The average daily wage in the Dangs district of Gujarat is twenty-two rupees. Sixty per cent of the population spends eight months of the year working in the sugarcane fields in Surat and Valsad. They come back during the monsoons to grow their single crop of the year — nagli (finger millet). They’ve earned about five thousand for eight months of toil, and they use it to buy themselves new clothes, and fix their houses. "The only employer here is the forest department," said Anilbhai, a Dangi from Chankhal village, "People want to go to Surat — they want to see life in a big city." For a moment I thought he was joking. But he wasn’t. "Everyone wants to buy a car."
The Dangs isn’t far from anywhere — it’s about 250km from Mumbai, 150km from Surat, and 75km from Nashik. Beyond Nasik the road starts climbing gently through the Ghats. The landscape is bone dry at the moment, but the breeze is pleasantly cool. The vineyards that stretch out on either side of the road are laden with grapes. A little before the Gujarat border, strawberries make an appearance. Men, women and children sit on the road behind deliciously large mounds of the deep red fruit. Some enterprising ones have packed them in cartons. At thirty rupees for a large box they’re quite a steal, and they’re very sweet. The mounds follow us as the road climbs one last time, onto the Saputara plateau.
Saputara, Gujarat’s only ‘hill station’, sits on the second highest plateau in the Sahyadris at an altitude of about 3,000ft. It’s just across the Maharashtra border, on the southern border of the Dangs, Gujarat’s smallest district. The entire 900 sq km of the district is hilly and densely forested. The hills slope from east to west-from a height of over 3,500ft on the southeastern fringe to about 400ft at the town of Waghai on the western fringe. The population is almost entirely tribal — the largest groups being the Bhils and Kunbis, followed by the Worlis, Gamits and a number of other adivasi groups. There isn’t, however, very much difference between them, and they all speak Dangi — a language which combines Gujarati and Marathi with local words.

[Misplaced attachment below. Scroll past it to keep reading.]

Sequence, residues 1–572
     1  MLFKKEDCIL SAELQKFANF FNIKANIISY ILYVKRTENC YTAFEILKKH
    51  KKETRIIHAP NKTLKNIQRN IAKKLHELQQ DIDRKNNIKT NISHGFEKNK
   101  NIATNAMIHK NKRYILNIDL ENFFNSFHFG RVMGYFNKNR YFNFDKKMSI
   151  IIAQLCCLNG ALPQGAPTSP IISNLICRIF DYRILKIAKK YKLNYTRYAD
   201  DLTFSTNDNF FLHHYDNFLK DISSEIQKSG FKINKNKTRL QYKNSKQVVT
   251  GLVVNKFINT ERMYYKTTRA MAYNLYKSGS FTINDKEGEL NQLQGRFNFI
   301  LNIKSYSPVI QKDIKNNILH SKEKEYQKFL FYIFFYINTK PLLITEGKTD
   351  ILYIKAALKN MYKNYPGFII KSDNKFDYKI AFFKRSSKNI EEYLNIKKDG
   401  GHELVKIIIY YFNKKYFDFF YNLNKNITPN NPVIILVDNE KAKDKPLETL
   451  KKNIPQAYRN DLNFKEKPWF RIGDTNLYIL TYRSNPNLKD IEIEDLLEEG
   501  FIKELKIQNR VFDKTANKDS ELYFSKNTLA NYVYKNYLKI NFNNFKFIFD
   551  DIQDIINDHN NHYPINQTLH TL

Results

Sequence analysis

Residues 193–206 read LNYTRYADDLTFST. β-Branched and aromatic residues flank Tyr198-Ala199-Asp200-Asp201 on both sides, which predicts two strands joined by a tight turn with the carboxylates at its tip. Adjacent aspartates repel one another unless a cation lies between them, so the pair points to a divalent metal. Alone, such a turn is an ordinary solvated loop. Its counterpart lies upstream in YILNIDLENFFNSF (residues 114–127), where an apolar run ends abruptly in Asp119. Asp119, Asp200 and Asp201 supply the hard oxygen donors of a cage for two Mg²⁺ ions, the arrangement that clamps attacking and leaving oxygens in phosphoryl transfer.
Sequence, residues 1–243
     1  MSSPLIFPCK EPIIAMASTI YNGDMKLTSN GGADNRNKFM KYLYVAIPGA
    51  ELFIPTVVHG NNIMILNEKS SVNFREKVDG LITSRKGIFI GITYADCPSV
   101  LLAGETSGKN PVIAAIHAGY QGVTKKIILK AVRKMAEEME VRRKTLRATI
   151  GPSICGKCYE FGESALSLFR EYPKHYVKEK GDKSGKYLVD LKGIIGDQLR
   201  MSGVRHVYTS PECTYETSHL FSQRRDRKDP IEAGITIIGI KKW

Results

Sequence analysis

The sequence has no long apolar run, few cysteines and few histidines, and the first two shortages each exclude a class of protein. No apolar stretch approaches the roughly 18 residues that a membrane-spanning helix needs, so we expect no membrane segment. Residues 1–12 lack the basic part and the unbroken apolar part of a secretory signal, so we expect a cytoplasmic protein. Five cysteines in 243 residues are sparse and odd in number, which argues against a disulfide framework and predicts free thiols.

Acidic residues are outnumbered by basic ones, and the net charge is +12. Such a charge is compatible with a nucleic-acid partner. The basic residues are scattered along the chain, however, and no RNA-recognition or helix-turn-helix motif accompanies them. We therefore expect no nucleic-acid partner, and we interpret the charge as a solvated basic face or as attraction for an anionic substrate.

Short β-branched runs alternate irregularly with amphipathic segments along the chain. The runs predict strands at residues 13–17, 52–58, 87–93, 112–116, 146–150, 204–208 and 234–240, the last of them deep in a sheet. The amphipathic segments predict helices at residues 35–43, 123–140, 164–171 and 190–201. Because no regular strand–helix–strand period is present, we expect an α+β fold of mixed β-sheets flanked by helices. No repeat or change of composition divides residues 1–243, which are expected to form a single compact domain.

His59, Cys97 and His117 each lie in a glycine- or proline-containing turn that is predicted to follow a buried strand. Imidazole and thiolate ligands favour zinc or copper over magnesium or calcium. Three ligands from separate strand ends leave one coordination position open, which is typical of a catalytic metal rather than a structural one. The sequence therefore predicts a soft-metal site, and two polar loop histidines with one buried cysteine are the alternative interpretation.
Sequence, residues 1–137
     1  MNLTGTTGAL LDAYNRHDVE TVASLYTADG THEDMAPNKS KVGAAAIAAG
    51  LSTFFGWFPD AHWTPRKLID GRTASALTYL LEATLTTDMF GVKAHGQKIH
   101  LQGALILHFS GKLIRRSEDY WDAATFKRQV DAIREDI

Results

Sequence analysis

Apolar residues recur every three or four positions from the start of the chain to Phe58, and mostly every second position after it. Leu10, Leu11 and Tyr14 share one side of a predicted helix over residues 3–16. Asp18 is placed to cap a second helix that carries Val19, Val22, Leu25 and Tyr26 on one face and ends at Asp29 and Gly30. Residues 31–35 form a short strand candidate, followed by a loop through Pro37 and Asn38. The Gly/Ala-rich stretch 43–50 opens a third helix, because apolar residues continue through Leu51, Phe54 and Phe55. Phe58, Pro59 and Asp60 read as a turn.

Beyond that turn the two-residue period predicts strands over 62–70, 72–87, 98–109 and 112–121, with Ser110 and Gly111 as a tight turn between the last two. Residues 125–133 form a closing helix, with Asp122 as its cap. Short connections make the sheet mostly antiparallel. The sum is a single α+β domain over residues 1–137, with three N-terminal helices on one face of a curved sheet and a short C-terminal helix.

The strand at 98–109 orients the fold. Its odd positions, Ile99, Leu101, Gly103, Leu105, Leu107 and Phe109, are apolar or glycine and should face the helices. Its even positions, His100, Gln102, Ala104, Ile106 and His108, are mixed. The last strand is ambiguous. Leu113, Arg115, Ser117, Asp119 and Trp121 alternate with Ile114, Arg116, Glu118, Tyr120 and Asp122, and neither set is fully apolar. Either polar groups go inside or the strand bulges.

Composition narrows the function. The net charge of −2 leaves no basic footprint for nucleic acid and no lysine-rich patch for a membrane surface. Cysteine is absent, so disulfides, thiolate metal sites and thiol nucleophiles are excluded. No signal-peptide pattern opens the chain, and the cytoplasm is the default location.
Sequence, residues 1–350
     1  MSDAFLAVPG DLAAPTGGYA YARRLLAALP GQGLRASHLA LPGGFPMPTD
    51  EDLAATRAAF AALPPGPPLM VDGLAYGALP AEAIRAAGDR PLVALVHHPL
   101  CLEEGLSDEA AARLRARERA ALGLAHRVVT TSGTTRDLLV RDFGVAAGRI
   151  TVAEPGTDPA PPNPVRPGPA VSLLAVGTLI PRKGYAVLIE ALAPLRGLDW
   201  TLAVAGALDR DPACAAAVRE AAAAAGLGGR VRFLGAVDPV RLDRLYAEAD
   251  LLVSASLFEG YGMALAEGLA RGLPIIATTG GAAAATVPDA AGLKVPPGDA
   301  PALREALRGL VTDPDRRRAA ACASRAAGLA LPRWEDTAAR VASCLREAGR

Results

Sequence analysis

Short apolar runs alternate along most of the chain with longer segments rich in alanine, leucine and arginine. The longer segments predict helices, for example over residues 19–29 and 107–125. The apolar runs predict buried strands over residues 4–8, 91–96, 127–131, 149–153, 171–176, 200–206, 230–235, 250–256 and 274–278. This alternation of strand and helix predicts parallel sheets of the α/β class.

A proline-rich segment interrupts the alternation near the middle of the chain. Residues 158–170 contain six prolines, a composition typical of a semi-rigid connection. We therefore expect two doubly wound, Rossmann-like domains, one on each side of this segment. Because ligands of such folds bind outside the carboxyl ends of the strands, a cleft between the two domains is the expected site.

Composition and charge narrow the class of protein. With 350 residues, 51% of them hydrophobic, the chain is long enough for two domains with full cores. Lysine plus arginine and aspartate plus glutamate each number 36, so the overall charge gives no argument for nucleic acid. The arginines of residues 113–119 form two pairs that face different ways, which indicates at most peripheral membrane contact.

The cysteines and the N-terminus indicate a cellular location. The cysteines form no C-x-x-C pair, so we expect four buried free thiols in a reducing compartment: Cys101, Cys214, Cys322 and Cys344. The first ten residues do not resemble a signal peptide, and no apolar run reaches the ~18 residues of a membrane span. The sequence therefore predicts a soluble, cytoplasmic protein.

The district has for the longest time been a Bhil stronghold. "There are many origin myths among the Bhils" said Anil bhai, when I asked him about the history of the district. "All of them involve a deluge — Mahadevji saved one man and one woman from it. They floated to safety in a large hollowed-out gourd—which drifted to the hills of the Dangs."
A group of Gujaratis from Surat was boating on the small lake in Saputara. The town lies along one shore of the lake. It’s almost as if the Gujarat government woke up one day and decided they needed a hill station. Saputara village was shifted to a different location, and in its place a series of hotels were built around the lake. So there are no houses in Saputara. Instead there are restaurants where pao bhaji and upma are served, and there are video game machines to entertain the children from Surat. There’s even a ropeway that the Vaity Resorts has built from one hill to another. It’s a Gujarati amusement park in the middle of nowhere. But the views from the cliffs are spectacular. That night I sat eating strawberries on the balcony of Gujarat Tourism’s Toran Resort under the clearest sky I’d seen in a very long time. The balcony looked out across a valley. Beyond the lights of Saputara lay darkness.